I have never heard her speak so passionately — perhaps controversially — about world affairs. Norman did this interview during the last presidential campaign in the United States. She spoke about American politics, her view of the United States at the time, not performing Wagner in Israel and the worlds' continued bondage to racism.
Whether you agree with these views, this is an antidote to the stereotypical "And then I sang" interview attributed to classical singers.

Thursday, June 28, 2018

See this movie! RBG

The retirement of Justice Anthony Kennedy from the Supreme Court is as disconcerting to many of us as is the current Presidency. That the man now in office will have the power to name a Supreme Court justice is alarming.

That news broke the week after I had seen the new film about Justice Ruth Bader Ginsburg, RBG.

"All I ask of our brethren, is that they take their feet off of our necks"

Filmmaker Betsy West discusses her attraction to Justice Ginsburg's career. "In the 1970s, as a young lawyer, Ruth Bader Ginsburg argued cases before the supreme court that changed women's lies for ever."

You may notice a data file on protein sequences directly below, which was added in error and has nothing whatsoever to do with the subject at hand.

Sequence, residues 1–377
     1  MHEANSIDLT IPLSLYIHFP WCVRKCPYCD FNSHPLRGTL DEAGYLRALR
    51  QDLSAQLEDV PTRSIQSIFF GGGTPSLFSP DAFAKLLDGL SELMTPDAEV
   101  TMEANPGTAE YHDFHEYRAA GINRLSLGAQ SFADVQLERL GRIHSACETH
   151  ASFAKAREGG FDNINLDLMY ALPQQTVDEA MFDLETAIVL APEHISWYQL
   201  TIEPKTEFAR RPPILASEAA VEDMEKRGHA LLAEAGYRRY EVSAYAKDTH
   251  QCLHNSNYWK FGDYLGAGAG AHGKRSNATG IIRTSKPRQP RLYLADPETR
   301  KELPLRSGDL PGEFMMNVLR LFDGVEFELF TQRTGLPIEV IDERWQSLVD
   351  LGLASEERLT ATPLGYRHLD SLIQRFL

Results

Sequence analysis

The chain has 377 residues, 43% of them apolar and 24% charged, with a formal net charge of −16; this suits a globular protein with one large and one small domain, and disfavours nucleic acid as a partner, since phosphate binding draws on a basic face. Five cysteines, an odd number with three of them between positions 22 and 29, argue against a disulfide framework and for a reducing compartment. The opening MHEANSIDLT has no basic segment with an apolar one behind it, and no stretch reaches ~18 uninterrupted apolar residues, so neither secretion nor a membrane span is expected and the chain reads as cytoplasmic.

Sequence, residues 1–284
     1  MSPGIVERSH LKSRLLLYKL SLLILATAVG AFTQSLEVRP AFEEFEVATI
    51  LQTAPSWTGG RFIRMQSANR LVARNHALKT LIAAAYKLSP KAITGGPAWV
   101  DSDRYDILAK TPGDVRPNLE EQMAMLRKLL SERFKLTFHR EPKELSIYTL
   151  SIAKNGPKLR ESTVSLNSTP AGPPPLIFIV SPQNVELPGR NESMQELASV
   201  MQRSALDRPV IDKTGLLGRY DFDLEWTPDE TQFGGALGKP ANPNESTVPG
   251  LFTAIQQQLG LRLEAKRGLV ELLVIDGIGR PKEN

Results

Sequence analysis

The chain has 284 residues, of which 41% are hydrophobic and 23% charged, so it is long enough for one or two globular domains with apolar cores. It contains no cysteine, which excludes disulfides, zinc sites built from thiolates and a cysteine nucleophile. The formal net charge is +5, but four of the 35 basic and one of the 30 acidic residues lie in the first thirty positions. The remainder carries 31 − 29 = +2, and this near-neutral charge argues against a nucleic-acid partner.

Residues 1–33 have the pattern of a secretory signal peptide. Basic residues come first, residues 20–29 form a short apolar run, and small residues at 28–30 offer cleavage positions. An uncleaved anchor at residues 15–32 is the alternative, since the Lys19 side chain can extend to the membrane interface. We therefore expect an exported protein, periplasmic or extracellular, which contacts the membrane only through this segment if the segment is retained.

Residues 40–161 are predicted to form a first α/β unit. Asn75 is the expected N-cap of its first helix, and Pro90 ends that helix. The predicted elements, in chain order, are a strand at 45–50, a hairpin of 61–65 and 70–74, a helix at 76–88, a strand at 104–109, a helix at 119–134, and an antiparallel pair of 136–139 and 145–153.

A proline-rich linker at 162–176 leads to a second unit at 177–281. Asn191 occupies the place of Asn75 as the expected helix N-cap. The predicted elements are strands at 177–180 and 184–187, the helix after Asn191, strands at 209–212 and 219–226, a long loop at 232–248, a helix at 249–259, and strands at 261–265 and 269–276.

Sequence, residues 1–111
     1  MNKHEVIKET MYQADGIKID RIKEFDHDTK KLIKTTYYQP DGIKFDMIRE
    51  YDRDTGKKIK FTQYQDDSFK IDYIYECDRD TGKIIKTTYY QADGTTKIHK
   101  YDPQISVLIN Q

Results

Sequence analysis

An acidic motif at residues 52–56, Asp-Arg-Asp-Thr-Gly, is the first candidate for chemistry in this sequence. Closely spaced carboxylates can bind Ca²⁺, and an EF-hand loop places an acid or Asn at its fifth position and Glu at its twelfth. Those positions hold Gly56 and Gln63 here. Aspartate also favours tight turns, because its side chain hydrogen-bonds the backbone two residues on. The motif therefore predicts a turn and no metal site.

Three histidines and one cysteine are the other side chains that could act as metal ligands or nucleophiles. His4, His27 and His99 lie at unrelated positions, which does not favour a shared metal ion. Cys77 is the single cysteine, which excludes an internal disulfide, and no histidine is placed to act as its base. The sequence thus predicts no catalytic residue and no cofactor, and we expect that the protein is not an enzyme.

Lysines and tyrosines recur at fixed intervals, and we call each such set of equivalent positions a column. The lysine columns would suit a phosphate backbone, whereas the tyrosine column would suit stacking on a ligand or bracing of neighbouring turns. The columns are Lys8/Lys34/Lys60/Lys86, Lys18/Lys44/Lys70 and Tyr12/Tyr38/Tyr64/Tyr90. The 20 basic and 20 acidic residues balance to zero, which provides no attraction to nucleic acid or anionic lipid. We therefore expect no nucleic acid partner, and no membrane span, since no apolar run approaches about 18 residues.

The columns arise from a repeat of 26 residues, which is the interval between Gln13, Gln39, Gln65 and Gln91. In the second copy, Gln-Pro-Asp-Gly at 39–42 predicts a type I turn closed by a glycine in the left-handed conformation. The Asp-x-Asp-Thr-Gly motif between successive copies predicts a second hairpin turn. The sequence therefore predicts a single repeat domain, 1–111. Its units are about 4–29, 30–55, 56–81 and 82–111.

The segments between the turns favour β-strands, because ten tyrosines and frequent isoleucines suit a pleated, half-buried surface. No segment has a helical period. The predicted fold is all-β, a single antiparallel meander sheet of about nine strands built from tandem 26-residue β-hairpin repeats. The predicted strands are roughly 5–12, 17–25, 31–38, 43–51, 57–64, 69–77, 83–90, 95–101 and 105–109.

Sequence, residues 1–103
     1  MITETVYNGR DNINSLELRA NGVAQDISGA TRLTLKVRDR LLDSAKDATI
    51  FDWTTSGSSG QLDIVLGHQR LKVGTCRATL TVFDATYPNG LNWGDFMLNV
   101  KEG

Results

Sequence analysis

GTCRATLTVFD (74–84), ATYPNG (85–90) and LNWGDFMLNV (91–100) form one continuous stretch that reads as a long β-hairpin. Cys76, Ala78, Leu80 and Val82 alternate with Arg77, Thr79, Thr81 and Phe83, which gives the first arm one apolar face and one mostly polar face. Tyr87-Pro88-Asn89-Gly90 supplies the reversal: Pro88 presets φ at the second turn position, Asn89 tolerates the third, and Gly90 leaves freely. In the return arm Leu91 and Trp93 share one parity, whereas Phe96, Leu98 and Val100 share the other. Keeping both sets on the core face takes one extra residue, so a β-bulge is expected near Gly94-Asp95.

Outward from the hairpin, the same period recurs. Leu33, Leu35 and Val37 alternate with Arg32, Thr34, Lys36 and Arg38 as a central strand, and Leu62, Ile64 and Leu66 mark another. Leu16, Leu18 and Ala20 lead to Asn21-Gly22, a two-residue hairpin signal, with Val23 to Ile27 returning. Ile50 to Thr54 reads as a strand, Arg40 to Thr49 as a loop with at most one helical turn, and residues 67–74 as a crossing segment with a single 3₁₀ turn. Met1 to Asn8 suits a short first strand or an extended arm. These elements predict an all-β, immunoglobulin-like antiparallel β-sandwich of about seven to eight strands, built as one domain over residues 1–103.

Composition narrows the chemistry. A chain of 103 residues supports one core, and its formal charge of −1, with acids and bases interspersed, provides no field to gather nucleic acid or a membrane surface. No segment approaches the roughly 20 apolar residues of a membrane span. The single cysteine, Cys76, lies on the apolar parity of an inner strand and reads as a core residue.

The charm and the 'adorable' quotient ' of a tiny elderly lady is a small part of the take away. These alone would be patronizing and miss the point. Justice Ginsburg, it seems to me, is a jurist who cannot abide a lack of fairness. Not favor, fairness. What is available to men should be available to women. Careers, advancement, position, if you can work for it you should be able to attain success.

She may be the first woman to articulate this so clearly-and simply-since Joan of Arc.

I'll say no more. Go see the film.


EUNICE: The Kennedy who Changed the World by Eileen McNamara. Simon and Schuster

"If that girl had been born with balls, she would have been a helluva politician."
So was quoted Joseph P. Kennedy about his fifth child, Eunice, who was born in 1921.

Eileen McNamara's new biography of Eunice Kennedy Shriver shows that a lack of physical appendices in no way deterred this driven woman from promoting and politicizing not only compassion but tangible, measurable help for those with "special needs."